And that work paid off.
“He worked for everything,” said Cook, a single mother who raised Miller, his brother and four sisters. “He just kept working. He wanted this. We all knew he could do it, but he put in the work. I made sacrifices for him and it’s all worth it.
“We’re just so blessed he’s with the Eagles. I was afraid we would have to move somewhere far. We love Philly and we love the Eagles. This was the perfect thing for all of us.”
Miller knows how much he put into making himself an NFL player, but he’s also very much aware of what his mom did to get him where he is.
She was his rock, and now he’s going to be her’s.
“My mom made sure I had everything, she made sure we all had everything,” Miller said. “She did everything for me, my sisters and my brother. Raising a family is hard but she made sure we had everything. She made sure I had everything and now I’m going to make sure she’s straight with everything. I’m gonna take care of her.”
He’s also going to continue to give back to his schools.
While he graduated an Eagle at Washington, he still considers himself a Pioneer as well. He remembers the struggles of playing high school football, both on the field and in the classroom. Now he hopes his efforts can help the next generation of players.
He would go back to the schools when he was home from Penn State and now that he’s an Eagle, he’ll be back to share his stories.
“I just want them to know that it’s possible,” Miller said. “You can work for this. It’s not easy, but if I can do it, they can do it. I hope people see what I did and see they can do it, too. I want to help them. I had help, so I’m happy to help them.”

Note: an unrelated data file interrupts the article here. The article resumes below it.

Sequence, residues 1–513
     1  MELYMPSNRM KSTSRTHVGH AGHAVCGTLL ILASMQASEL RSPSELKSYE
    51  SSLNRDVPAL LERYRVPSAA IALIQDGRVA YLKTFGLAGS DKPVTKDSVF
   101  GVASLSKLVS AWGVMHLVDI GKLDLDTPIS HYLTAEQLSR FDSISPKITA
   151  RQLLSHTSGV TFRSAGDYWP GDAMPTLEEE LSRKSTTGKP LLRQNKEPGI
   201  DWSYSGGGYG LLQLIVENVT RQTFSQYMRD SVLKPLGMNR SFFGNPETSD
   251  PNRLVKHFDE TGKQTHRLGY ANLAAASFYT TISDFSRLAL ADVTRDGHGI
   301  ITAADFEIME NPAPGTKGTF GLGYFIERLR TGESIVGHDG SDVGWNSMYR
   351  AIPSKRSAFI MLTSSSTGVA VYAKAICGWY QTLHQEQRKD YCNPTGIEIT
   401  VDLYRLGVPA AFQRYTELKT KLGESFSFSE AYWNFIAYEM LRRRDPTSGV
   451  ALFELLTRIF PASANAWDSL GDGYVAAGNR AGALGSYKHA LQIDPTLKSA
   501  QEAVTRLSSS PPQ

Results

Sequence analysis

He’s also not afraid to ask for help.
While Miller was a star in high school and then a star in college, he’ll be new to the NFL when rookie camp beings next week. He’s ready to work hard and he also understands he’ll have to turn to some veterans to get some guidance.
He feels he’s in the perfect situation.
“The Eagles play a great defense and I think I’ll do well there,” Miller said. “I’m going to go in, learn and work. They have some great players there, Fletcher Cox, Brandon Graham, they have a lot of good players.
“I’m going to go in, work hard and try and make the team, then see if I can get into the rotation. I know it’s not going to get easy, it’s going to be hard, but I’m ready.”
So are his family and friends.
It’s hard to say those around Miller are bigger Eagle fans today than they were before his name was called because they’ve always been all about the green and white. But it’s probably safe to say they all have a new favorite Eagle.
“I loved watching him play, but I loved the Eagles, too,” his mom said. “I’m so happy he’s on the team. He got what we all wanted.”
“I’m so happy with all of the love people are showing,” Miller said. “I keep getting calls and texts. People are happy for me and that means a lot. And everyone around here loves the Eagles. That’s what Philly does. It really is a blessing.”